I usually make my jewellery using wax, my pieces are small and not at all frog-like, and very rarely attached to a motorbike sidecar. Usually, I carve and melt the wax until it forms the shape of the ring that want, then cast it into metal. Usually working in silver, I only use certified recycled silver as it is better for the planet. Also, like so many other jewellers and metal smiths I collect the scraps and the dust that comes off the pieces as I polish - eventually taking that to be purified and cleaned up. Waste is kept to an absolute minimum, scraps are recycled and everything is made to order to avoid excess.
Carving The Speedshop Frog
I tried to carve Toby's frog in wax. The material is stiff and after I started carving it quickly became clear that the frog I was creating was more of a classic British frog or a toad, sitting squat and ball like.. not playful enough at all and not the impact I was trying to create.
Leaving the wax frog on the shelf, I switched over to monster clay, I hadn't used it before but had (I thought) done all of my research and it sounded like it would work. Wax is important because you can either cast using the original wax, making a casing then meting the wax out to pour the metal in to the cavity. Or you can use silicone to make a mould of the item, then using the mould to create many little waxes, which are then used for casting.
The monster clay was, in theory, perfect. It was easy to work with - warming in the hands before shaping it to create a frog. As the clay cools it becomes harder but can be warmed up to make adjustments and additions. I was able to create a much more dynamic tree frog, spreading across the side car, feet splayed and exaggerated and a face full of character.
If you have ever looked closely at a frog you will have noticed that they have about 50,000 elbows. No, obviously I'm kidding, but they do seem to have four on each leg, each able to move in a different direction. I am no herpetologist (new word for frog expert I learnt today) but getting all of those angles right in the wax would have been near impossible.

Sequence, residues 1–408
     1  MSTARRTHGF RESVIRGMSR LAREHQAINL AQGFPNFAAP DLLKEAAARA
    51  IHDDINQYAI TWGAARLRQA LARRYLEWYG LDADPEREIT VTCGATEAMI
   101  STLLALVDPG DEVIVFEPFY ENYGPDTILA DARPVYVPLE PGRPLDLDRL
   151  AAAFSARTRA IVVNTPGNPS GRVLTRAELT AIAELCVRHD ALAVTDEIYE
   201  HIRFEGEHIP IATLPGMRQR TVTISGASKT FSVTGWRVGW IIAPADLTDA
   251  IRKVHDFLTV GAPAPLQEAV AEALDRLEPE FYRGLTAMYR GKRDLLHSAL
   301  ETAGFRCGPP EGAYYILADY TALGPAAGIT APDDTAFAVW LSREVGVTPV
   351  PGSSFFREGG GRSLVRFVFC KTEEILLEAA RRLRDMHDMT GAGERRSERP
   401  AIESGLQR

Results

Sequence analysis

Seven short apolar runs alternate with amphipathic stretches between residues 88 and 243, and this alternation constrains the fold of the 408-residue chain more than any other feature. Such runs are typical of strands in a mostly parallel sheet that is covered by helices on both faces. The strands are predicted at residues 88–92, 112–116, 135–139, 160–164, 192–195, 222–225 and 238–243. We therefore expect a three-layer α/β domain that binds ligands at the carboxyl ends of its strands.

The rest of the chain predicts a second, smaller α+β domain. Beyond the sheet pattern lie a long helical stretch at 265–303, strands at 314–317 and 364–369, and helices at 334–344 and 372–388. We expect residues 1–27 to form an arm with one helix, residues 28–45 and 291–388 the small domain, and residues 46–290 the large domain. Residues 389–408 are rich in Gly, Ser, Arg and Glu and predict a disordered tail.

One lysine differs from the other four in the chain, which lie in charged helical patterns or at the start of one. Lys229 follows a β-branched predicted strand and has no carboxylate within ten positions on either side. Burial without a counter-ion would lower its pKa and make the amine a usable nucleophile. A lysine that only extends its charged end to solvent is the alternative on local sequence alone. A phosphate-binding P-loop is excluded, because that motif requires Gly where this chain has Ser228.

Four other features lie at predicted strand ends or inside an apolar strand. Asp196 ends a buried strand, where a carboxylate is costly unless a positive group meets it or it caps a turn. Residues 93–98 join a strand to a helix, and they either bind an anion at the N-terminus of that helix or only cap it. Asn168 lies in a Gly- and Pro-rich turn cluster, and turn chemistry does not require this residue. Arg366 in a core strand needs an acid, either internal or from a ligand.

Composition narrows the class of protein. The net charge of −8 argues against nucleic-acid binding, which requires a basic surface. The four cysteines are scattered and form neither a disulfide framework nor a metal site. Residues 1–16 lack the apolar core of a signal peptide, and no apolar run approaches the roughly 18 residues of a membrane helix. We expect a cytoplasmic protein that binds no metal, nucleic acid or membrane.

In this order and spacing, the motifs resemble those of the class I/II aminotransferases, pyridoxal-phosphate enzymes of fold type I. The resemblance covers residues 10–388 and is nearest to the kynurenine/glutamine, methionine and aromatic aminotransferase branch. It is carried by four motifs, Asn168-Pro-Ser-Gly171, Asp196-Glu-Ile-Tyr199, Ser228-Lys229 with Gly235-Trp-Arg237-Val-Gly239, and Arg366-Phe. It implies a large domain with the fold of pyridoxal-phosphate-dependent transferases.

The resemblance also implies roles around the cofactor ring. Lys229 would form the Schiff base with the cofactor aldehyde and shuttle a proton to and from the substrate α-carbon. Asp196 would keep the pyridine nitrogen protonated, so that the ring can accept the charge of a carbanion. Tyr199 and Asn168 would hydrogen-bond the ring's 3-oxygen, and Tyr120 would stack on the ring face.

Once the frog shape had been created I focussed on his skin, adding little dapples to create textures and give him a little life. I also tried to shape him around a fibre glass mould of the edge of the sidecar, hoping that during casting he would come out the perfect shape and slot nicely into place.
Casting the frog in Bronze
Casting was tricky, I used some expert casters in London to help with this part. After all the work involved I was not going to risk messing this up. After sending the frog the first news I had back was "no, this is the wrong material, I won't work, we will put him in the post for you today". Definitely not the call I was hoping for, but it couldn't be the wrong material, just a new one. I had done the research and the clay works with silicone moulds, I just had to convince them to give this new material a try. I sent over some wonky blobs of monster clay for them to test and waited for a couple of weeks with bated breath.
Eventually I heard back, all good with the test runs and they would be casting the frog in the coming weeks. When he arrived with me he was perfectly cast but a little bundled up. It was a hot summer, the monster clay may have reformed in the post or been better to cast in a small bundle, when he arrived he wasn't going to slot straight onto the side car as his limbs were all curved the wrong way.
Bending the Frogs Legs
Working in Bronze was new to me, silver would have been a doddle, I think. If something had happened I could have soldiered him back together and I knew how to heat and adjust silver. Bronze on the other hand...
A load of research showed that we were likely to snap a leg off if we tried to bend him into place. I asked John Nelson first, of the guys on The Speedshop John really seems to know his stuff - but he wouldn't touch my little frog. Billy laughed, no chance. Luckily, Titch was up for giving it a go, and had the steady had and strength to pull the legs into position. You saw a snapshot on the show but it was about 30 mins of anxiously teasing the frogs legs into place.
The Final Bronze Polish
I polished him up, did a little oxidising and off he went to be attached to the sidecar. The rest you would have seen on the first Episode of The Speedshop on BBC2.
I considered making him darker and more grungy. Bronze can be a stunning bright metal but it can also be given a dark patina, or even a little greeny tinge. Judging by my research this oxidising process can be accelerated with acids - as much as I would have loved a greeny frog, it was too late in the day and too successful so far to start messing about with acids. The sparkly frog adorns the sidecar, I expect he will patina over time and maybe bring out a little of the green!
The Sidecar at Sbomb
Toby's sidecar is currently down at Sbomb Vintage Workshop - where The Speedshop was filmed. Pop down for a coffee and some cake with cafe manager Katie - you can see all of my jewellery down there too, in the hot dog stand of course!
The Speedshop is on BBC2, Sunday night, 8pm.
Toby's book - "Never Will I Die" is available to order though Amazon - but try your local bookshop first!